Those who don’t know any better (including some doctors) often lump the keto diet in with other low carb diets. There are some differences that set keto apart.
Differences in Fat Consumption
The primary difference between low carb and keto is the macronutrient levels. In most keto variations, at least 45% of your calories come from eating the fat needed to trigger ketosis in your body ketosis. A low carb diet has no specified daily fat (or other macronutrients) consumption requirements.
Differences in Protein Consumption
You can eat too much protein on the ketogenic diet. Low carb diets call for eating higher portions of protein, but a standard ketogenic dieter eats only moderate amounts of protein.
Why? The reason for that is glucose can be synthesized from protein (known as gluconeogenesis), which prevents your body from attaining full ketosis.
In gluconeogenesis, your glucose (blood sugar) and insulin levels rise, which halts the production of the ketones needed for energy. The goal of a keto dieter is to eat sufficient protein to preserve muscle mass.
Also, the goals of the two diets are different. The intent of a keto dieter is to achieve a state of ketosis, which substitutes fat burning for fuel over the long-term. With a low carb diet, carbs are only reduced for a short time, then returned. Followers of those diets never enter ketosis.
Keto Diet’s Health Benefits
Low carb diets are a successful method for losing weight as well as lowering blood pressure and cholesterol. A ketogenic diet may lower glucose levels and improve insulin resistance levels.
Keto Can Improve Endurance Levels
According to study results, endurance levels for athletes improve on the ketogenic diet. Like anyone else, athletes need an adjustment to become accustomed to fat burning instead of glucose.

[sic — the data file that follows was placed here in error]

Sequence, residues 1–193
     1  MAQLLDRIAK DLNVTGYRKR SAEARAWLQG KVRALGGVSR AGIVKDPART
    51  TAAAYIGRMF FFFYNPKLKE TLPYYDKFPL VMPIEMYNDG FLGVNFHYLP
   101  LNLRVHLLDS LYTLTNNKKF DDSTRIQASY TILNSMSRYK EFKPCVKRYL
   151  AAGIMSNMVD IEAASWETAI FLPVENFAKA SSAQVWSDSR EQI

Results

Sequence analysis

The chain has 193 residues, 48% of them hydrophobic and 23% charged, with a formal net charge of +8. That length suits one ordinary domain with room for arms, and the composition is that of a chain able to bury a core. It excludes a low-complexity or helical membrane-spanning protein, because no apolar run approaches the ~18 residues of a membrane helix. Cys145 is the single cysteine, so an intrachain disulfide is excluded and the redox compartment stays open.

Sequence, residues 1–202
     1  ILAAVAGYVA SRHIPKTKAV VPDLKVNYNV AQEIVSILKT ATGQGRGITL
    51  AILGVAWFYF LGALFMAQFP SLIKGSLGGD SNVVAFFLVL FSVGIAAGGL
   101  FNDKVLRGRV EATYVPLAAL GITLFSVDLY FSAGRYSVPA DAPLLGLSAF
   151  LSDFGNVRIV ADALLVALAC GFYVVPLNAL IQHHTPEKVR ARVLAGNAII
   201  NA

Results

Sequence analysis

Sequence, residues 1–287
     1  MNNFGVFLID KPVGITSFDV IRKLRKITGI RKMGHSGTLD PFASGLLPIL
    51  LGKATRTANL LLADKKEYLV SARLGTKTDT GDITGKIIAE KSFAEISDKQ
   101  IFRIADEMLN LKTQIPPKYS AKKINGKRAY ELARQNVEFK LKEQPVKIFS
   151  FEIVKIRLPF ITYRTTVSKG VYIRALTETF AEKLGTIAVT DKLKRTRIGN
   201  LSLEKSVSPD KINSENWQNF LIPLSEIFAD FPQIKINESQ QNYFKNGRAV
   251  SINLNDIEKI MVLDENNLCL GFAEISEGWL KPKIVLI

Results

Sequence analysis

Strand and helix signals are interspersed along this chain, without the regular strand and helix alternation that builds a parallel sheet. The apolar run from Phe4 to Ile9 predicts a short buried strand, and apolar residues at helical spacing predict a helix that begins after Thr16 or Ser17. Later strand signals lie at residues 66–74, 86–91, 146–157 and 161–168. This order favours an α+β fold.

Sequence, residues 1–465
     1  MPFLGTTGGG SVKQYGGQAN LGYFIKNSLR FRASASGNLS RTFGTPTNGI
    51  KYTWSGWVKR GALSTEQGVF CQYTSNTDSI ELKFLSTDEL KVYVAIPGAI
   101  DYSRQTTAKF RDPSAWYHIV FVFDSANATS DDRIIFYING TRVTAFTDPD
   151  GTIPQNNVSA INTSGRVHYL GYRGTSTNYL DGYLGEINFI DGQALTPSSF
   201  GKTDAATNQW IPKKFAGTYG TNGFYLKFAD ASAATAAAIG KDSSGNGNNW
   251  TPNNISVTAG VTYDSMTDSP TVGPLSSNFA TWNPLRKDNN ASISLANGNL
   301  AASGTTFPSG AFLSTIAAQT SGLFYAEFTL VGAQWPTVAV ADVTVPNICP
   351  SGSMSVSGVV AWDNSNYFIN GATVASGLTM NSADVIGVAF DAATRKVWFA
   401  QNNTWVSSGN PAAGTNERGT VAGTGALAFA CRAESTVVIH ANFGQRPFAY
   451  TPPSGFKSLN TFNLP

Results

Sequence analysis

A keto diet does not decrease aerobic endurance according to recent studies. Any dips in athletes performance at the beginning of the keto diet are adjustments to the new fuel source (fat).
Improving Metabolic Functions Under Keto
The Keto diet achieves many positive weight-related changes: decreasing body mass, fat, and body weight. Keto fosters a metabolic state of heightened fat metabolism during exercise. This depends on consuming 1-1.2 grams of protein per pound of body mass to preserve muscle mass while burning fat.
How to Know When You’re in Ketosis
There are different degrees of ketosis. The state of ketosis is a physical process that doesn’t happen instantly, it takes around 1-3 days to fully achieve it.
Your ketone levels can be monitored and tested at home. Just like glucose on a regular diet, on a ketogenic diet, surplus ketones circulate throughout the body. You can measure your ketone concentrations using several methods.
Measuring Ketones in Your Urine:
Different urine strips have a varying methodology. The strip changes color indicating the amount ketones in the urine.
This is the cheapest and most accessible method but it is not always reliable’ The strips are available from any CVS or Walgreens When your body is ketosis-adapted, your body processes ketones efficiently (especially acetoacetate). So the strips can indicate a weaker condition than actually exists
Other variables like the presence of electrolytes and hydration level can skew the readings. So it’s better to use this method if you’re new to ketosis.
Ketones in the blood:
A typical blood glucose meter will tell you what your BHB ketone levels. Only a few things can influence the results, it’s a much more an accurate measurement. It costs about $5-$10 per test
Measuring Ketones in the Breath:
For this method, you need a breathalyzer (Ketonix meter). The method supplements a blood or urine test and measures acetone or BrAce in your breath. The meter is reusable and no additional disposable products are needed.
When adopting any diet, not just keto, you need to check with your doctor.